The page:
The Royal Bank of Scotland (RBS) could be implicated in another scandal, the outgoing chairman of UK Financial Investments (UKFI) has said. The potential penalties relate to the US sub-prime mortgage crisis.
The UKFI was set up in 2008 to manage the Treasury’s shareholding in banks that needed bailing out, including RBS and Lloyds.
Robin Budenburg, who is stepping down from his UKFI at the end of the year, said that mortgage trading had been identified as a potential issue and was currently an “outstanding” problem that has yet to be resolved. He added, “It is clear that the [Prudential Regulation Authority] is rightly concerned, as is the board of RBS, about these potential liabilities.”
America’s largest bank, JP Morgan, has already paid $13 billion (£8 billion) to regulators for mis-selling mortgages.
At the beginning of this month, it was confirmed that RBS would not split into a ‘good bank’ and ‘bad bank’, despite MPs saying such a move would allow for a faster recovery.
Instead, RBS will create an internal bad bank in order to ringfence its bad assets. The new arm will manage around £38 billion of the bank’s riskiest assets with plans to remove them from its balance sheet over the next three years.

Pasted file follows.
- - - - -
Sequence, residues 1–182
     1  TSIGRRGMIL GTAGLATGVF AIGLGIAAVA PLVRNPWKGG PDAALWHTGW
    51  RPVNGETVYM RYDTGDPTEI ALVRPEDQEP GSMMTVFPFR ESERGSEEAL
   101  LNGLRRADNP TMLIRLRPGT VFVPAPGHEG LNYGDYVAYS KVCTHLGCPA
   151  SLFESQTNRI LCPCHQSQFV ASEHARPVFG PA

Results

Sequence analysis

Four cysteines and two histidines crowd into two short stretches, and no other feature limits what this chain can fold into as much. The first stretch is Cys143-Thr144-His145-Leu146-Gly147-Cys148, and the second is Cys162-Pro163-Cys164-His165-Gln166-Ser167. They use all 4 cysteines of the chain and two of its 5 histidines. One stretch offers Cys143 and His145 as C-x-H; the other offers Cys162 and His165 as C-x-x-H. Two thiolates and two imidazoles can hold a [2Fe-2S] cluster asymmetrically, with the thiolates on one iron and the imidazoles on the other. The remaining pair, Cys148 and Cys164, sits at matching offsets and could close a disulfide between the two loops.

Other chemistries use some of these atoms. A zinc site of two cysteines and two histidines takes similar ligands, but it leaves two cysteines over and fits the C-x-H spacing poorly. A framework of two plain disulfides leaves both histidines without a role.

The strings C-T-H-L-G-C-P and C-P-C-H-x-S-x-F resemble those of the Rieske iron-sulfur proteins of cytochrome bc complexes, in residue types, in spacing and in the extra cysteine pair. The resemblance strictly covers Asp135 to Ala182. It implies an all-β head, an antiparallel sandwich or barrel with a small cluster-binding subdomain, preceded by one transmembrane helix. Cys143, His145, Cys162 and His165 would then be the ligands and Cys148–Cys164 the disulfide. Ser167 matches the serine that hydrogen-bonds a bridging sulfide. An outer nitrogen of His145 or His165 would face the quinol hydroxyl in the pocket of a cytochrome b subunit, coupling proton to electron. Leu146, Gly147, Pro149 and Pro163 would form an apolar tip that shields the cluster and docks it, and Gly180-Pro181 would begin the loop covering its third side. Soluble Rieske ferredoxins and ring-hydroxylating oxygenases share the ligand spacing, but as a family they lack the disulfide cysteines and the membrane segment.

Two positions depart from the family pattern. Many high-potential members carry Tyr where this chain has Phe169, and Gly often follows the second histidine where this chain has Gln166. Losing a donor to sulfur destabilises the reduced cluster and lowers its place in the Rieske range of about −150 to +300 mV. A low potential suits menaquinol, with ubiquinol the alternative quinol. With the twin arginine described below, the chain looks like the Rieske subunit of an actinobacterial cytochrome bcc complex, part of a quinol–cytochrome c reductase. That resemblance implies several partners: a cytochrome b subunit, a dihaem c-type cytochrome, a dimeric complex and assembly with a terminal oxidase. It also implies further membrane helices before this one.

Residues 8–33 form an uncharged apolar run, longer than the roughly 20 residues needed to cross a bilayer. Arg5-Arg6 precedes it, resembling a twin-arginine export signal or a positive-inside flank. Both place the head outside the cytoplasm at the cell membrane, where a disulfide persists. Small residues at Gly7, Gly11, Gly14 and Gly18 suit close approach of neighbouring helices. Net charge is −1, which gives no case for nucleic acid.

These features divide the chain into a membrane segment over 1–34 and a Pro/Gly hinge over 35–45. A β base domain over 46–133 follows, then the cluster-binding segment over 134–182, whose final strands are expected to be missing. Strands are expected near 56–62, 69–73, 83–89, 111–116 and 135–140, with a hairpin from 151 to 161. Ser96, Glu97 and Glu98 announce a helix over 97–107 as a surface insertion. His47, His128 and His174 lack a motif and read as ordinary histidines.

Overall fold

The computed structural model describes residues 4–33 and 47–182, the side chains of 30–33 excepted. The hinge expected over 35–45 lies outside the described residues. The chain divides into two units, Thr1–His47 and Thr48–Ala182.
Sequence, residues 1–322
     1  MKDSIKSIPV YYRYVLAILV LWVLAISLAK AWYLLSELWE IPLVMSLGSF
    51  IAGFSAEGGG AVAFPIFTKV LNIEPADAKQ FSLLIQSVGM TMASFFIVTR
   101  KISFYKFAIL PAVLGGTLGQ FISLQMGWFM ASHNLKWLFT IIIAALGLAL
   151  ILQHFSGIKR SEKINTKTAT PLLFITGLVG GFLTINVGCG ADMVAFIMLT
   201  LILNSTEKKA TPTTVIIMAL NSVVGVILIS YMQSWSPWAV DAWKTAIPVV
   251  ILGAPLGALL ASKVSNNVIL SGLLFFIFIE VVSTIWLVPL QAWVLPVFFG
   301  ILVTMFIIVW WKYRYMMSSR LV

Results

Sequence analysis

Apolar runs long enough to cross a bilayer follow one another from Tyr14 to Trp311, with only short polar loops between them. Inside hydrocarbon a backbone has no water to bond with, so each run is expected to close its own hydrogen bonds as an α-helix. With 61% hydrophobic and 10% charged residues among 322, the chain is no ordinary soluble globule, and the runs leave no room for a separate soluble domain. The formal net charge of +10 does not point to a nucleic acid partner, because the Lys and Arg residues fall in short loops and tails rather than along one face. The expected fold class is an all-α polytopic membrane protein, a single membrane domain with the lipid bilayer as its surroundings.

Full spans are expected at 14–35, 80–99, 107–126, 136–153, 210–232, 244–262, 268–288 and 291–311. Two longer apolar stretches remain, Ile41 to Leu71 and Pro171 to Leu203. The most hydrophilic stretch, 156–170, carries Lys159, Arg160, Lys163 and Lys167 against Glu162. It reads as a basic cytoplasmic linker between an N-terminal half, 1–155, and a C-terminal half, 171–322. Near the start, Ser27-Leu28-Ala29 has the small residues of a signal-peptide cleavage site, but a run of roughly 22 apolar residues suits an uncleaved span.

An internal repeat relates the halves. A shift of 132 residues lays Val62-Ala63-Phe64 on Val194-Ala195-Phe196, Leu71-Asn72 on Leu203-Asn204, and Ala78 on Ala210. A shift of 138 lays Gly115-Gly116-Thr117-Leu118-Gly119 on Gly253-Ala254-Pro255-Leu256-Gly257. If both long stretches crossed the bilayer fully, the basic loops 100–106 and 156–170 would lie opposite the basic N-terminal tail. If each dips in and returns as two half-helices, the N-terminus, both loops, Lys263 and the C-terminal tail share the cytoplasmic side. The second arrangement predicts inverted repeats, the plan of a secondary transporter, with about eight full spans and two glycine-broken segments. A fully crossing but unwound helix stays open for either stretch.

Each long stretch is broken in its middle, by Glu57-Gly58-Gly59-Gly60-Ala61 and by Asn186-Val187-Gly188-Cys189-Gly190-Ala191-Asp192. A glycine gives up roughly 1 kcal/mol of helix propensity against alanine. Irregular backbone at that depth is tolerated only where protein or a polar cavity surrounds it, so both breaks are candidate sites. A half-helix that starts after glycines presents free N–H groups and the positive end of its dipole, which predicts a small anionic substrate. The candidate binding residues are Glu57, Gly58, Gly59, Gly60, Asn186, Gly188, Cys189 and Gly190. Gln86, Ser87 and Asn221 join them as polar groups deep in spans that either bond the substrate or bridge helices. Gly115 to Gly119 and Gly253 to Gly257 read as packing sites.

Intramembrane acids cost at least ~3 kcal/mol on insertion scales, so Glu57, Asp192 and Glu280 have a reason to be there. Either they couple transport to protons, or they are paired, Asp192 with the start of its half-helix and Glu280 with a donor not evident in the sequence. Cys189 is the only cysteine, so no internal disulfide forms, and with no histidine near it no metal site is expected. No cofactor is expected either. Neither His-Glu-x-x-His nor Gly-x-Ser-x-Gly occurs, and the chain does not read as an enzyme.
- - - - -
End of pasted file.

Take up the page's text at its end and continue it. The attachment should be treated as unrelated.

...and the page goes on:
In the last year, RBS has been implicated in a number of scandals, including the Libor rate scandal. The bank was forced to pay over £390m to regulators in the UK and US for its part in fixing rates .
Additionally, the bank was fined £5.6m for inaccurately reporting more than 44m transactions it had made with other banks and non-retail financial services firms. The incorrect deals took place between November 2007 and February 2013 and represent more than a third of RBS’s transactions during the period.
In 2012, RBS made a record breaking loss of £5.17 billion, more than three times the amount in lost in 2011, yet continued to pay substantial bonuses to employees.